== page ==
1972 – The Pioneer 10 space probe is launched from Cape Canaveral, Florida with a mission to explore the outer planets

The reason that is insane, is because it is the prode that first gave us honest to goodness glimpses of our Solar System. Using digital technology we wouldn’t get our hands on as citizens for quite some time after. Photography, that is quite frankly brilliant in the sense that it was a first. Like Daugerre taking the first portrait. Artistic value, we find little, or cultural value, any deficiency is filled.

This led me to the Voyager article, which yielded a very sharp little nugget of trivia. As of November 28th 2008, Voyager 1 (which was launched AFTER Voyager 2) has traveled 108.27 AU. For those of you too lazy to read or listen to They Might Be Giants, that’s a unit roughly (read: exactly) the distance of the Sun to the Earth. generally accepted by the world at large as 140.60*10^6 Km. Or to us here in the states about 93 million miles.


about 1/10th of as far as this will take you.

So, from September 5th, 1977, when most of you were a twinkle in your daddy’s eye, to when many of you graduated from High School, this thing which looked like a cone of gold strapped to a junk heap, traveled 108.27 of those. I did the math. If, and trust me, it wasn’t, that was a straight line, this thing traveled roughly 16197192000 Kilometers. I dont really care what that is in miles. If you do math with it, it has to be in scientific notation, thats far.

So how do you make that relevant? How fast is that? Well…it was 11,604.75 days (don’t forget the leap years!) and 1.619*10^9 Km… or 1,419,965.547 Km a DAY. or, in terms that blow the mind, it would take over 10 hours for its light to reach us (which the Sun does in 7 minutes) and its moving so fast, that it could circle the Earth in 6 minutes

The worlds fastest plane, which travles at 3.4 times the speed of sound can’t do that in under an hour. It travels faster than anything else man has ever built. Faster than the fastest thing ever recorded. If you’ve seen something fast, odds are this is faster. When I say “odds are” those odds are 100%. Its so far away, Pluto is a footnote in its travels, as it has gone well over twice the distance Pluto has ever been from our Sun.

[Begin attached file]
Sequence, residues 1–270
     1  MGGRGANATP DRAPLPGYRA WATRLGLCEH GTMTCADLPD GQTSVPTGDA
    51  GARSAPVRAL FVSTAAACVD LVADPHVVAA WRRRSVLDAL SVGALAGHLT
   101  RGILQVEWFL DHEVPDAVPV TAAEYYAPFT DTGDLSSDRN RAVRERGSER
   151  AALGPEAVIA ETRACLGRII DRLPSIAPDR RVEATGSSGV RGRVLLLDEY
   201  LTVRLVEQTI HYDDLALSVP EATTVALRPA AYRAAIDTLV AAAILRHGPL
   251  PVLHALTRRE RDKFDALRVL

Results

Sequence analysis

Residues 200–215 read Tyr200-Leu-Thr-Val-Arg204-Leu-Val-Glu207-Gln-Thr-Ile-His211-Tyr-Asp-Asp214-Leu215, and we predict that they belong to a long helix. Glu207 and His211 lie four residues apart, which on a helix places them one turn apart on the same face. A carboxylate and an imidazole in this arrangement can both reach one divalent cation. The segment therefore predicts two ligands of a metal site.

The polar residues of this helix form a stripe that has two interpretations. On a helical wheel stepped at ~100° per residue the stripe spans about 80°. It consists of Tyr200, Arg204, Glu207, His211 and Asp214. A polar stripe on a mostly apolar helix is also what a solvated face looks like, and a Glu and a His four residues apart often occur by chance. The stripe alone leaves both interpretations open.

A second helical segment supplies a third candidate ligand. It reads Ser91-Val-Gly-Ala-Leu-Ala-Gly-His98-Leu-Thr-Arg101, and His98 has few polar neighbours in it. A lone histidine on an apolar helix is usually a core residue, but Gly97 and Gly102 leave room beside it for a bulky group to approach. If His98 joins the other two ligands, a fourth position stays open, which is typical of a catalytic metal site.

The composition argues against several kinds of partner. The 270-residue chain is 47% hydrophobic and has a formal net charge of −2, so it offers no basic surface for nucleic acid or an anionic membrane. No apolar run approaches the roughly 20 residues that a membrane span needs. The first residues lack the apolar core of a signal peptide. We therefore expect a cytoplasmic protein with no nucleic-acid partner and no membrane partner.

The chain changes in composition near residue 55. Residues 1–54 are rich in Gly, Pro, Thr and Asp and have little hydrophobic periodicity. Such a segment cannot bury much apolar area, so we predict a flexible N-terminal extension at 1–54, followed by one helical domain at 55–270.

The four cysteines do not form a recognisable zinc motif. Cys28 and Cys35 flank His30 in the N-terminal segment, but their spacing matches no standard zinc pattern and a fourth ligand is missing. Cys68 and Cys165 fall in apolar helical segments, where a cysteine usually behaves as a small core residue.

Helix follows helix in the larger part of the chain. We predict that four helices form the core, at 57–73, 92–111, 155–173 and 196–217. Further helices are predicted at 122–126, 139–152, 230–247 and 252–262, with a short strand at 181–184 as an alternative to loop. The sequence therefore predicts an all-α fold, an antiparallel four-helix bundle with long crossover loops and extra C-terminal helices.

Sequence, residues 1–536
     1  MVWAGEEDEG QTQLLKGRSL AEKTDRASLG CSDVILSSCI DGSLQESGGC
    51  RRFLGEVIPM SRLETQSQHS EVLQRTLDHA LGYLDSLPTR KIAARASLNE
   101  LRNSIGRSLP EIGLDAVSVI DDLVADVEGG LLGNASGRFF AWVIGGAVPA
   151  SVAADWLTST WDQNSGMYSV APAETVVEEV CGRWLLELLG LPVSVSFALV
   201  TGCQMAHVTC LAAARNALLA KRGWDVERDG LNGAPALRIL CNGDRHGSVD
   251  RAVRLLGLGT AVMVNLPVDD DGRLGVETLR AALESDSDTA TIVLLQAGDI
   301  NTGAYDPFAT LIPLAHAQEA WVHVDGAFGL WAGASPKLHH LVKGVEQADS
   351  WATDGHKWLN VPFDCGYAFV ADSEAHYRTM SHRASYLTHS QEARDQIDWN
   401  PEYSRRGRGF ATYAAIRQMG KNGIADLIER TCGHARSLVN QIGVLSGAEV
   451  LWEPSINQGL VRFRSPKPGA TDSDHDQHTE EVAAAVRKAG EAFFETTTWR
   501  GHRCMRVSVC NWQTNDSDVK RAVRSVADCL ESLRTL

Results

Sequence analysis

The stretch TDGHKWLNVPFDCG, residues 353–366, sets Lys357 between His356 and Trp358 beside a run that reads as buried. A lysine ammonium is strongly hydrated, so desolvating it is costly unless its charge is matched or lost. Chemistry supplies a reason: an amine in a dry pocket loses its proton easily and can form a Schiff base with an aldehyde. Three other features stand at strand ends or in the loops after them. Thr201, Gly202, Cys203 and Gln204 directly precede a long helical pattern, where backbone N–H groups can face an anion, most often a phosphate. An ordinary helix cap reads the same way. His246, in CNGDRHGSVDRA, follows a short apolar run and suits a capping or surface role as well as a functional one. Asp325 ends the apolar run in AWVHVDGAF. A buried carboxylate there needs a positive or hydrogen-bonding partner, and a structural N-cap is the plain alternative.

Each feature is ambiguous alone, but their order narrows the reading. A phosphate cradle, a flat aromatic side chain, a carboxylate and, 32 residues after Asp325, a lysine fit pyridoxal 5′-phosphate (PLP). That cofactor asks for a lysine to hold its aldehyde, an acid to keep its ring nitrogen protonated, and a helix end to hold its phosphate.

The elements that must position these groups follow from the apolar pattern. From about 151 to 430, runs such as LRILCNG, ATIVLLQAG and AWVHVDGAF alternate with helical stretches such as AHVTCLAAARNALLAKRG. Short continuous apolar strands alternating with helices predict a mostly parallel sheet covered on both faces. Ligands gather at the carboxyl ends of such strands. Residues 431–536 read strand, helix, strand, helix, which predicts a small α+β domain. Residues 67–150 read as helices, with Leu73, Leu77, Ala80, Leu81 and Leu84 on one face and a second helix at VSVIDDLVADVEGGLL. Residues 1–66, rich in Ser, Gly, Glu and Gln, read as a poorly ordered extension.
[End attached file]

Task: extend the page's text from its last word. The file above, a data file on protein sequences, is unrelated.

so long and thanks for all the momentum!

I just thought I’d bring this up, because it is sooooo cool. The Voyager program, the Pioneer program, and so much more are providing us with crazy amounts of data about somewhere we can never go without that data. It’s a Pioneer in data use, and sending! I love it because its a tremendous achievement in scientific methodology and engineering. In fact, day to day operations went 22 years for Pioneer 1, which means that for 22 years, someones job was to make sure that crazy piece of junk we flung into space, with the technology that was in fact the apex of its time, was still doing what it was supposed to. This is a time when I can download GIGABYTES of information in minutes, and the internet wasn’t even around when we got rid of it.

So learn to appreicate some crazy NASA awesomeness. Voyager is set to transmit, with its current power source, til the year 2025. 50 years after it was launched.


would you ride on that? I mean, what a piece of “crap”

Thats all I got for you, but man do I look forward to seeing what Adam has to say…

Indulgences. Why not? Oh… yeah…

I was going to wait until Wednesday to blag it up. Really, I was going to wait longer than that. However. I couldn’t let this by without saying a few words. Paul Vitello wrote an interesting article for the New York Times today. The article, titled “For Catholics, a Door to Absolution Is Reopened” left an unsatisying taste in my mouth. The article is well written. I’m mostly outraged at the Catholic Church. Their unmitigated power in the regulation of sins and the fortunes of man after death is one thing. Having people ask, and recieve what is essentially a get out of jail free card, is just ridiculous. I’m so angry, I can barely think of a good photo to put here

Archangel Pennybags.

The Archangel Pennybags!

Oh. There’s one.

The pope might have seen how this ended historically in other bad economic times, when many turn to faith to subside them. See: 1215-1392.

A Bishop DiMarzio, of Brooklyn said there is sin in the world, and that is why we need such things. However, I am struggling to recall how we are more in sin now, than several years ago. Perhaps the internet could tell me. Hold on while I look for sin on the internet….


Either way, this is a ridiculous concept. It teaches people to buy their forgiveness at the dear price of their ability to do good, to walk a much less indifferent path. I supposed I’m just upset. Such indulgences are being offered, as Vitello states: “This year’s offer has been energetically promoted in places like Washington, Pittsburgh, Portland, Ore., and Tulsa, Okla.” I guess those are the hot spots for sinnin’. Selling them is techincally forbidden. However, maybe a little bit of a greased palm helps the prayers come out smooth? Who knows, I could start a diocese in Las Vegas and retire at 30.

People shouldn’t need incentives to do good. If you are a true Catholic you shouldn’t need incentives to go to church (natural guilt should put you there) and other than that. I don’t know why we jacked up some super-confession to restrict the forgiveness everyone receieves. However, I’m likely to be excommunicated for asking.